Wayne:  It was eleven and a half hours just going through until we were happy with what we had. But Greg had a lot of patience with us and when it comes to writing this new album, we thought to ourselves that twelve months would be fine, but as soon as you think you’ve got somewhere you end up scrapping it and starting again, especially with new influences coming in. Obviously, we’ve got Janson [keyboards & synths] coming on board now and he’s bringing across his own style with everything so it’s just seeing where we go next with each development.

Photo : Jola Stiles

 

So, the preference would be that you go into a studio and do the whole album in one block or to spread it out over a period?

Wayne: The preference would be to have everything finished and ready and just hit it in one. But, whether reality will come into that, time will tell.

Do you work together as a band to create the music?

Hannah: Originally Wayne and I used to write a lot of the stuff together. He’d have a riff, I’d have a riff, we’d put it together. I’d have a lot more melodic sort of riff based rhythm type things and then we’d collate that together. But we’ve been doing a bit less of that on this album and we’re all bringing songs each and then developing songs. Then with Janson coming in, he’s been adding a new layer to it with more symphonies and melodic stuff. So, we’ve all been quite involved in it really. Rich has been quite involved with drums and helping create different sounds with it so it’s more of a joint effort on this album so, rather than one or two people writing everything, everyone’s having an input in everything which is quite nice.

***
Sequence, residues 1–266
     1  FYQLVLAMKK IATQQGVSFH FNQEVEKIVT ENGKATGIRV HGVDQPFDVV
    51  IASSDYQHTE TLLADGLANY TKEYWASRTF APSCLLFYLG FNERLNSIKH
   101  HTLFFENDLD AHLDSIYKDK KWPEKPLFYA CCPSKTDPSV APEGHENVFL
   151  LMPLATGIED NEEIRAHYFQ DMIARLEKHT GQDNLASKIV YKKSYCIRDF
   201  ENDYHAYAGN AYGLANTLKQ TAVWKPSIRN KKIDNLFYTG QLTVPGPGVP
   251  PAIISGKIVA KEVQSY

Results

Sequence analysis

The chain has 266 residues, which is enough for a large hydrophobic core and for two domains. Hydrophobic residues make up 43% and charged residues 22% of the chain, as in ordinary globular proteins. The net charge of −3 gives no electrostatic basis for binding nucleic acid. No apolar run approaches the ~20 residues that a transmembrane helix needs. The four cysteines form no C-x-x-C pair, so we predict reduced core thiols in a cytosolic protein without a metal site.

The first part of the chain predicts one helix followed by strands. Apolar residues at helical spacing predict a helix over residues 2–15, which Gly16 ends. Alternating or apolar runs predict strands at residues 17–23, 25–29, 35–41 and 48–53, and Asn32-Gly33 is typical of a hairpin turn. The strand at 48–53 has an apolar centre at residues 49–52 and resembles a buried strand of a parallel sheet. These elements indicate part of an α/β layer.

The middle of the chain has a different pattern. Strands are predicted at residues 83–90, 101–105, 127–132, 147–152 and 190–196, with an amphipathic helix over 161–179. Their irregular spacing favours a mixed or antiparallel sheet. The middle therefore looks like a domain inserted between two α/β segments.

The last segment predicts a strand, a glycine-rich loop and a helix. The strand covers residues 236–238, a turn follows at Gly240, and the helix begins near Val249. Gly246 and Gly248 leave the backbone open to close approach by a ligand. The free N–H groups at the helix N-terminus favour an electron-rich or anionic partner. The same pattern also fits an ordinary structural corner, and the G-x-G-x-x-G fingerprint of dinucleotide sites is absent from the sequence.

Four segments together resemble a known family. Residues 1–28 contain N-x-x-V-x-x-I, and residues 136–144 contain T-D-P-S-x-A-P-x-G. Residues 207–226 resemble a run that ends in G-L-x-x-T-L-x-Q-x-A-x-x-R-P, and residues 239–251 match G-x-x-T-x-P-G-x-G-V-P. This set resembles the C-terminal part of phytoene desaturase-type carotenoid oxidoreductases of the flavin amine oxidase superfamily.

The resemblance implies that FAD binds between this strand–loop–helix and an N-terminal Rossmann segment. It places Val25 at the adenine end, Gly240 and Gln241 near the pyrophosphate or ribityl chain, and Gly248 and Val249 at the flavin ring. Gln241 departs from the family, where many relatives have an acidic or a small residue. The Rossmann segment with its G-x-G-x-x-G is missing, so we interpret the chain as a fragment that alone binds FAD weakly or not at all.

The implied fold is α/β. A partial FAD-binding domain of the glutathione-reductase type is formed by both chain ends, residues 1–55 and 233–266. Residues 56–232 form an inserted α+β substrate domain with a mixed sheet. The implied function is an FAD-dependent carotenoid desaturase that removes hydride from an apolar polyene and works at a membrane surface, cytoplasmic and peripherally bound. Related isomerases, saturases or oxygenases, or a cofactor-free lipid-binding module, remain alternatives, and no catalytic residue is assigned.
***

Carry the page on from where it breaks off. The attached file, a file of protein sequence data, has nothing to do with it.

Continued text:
You had the opportunity to play Bloodstock in 2015 and you’ve shared a stage with several well-known bands. Is there any band that has stood out for you as an influence either musically or in terms of professionalism?

Hannah: I’m more into prog stuff, really, things like Rush and Tesseract and things like that but I don’t know that I’d say it’s influenced in my writing particularly.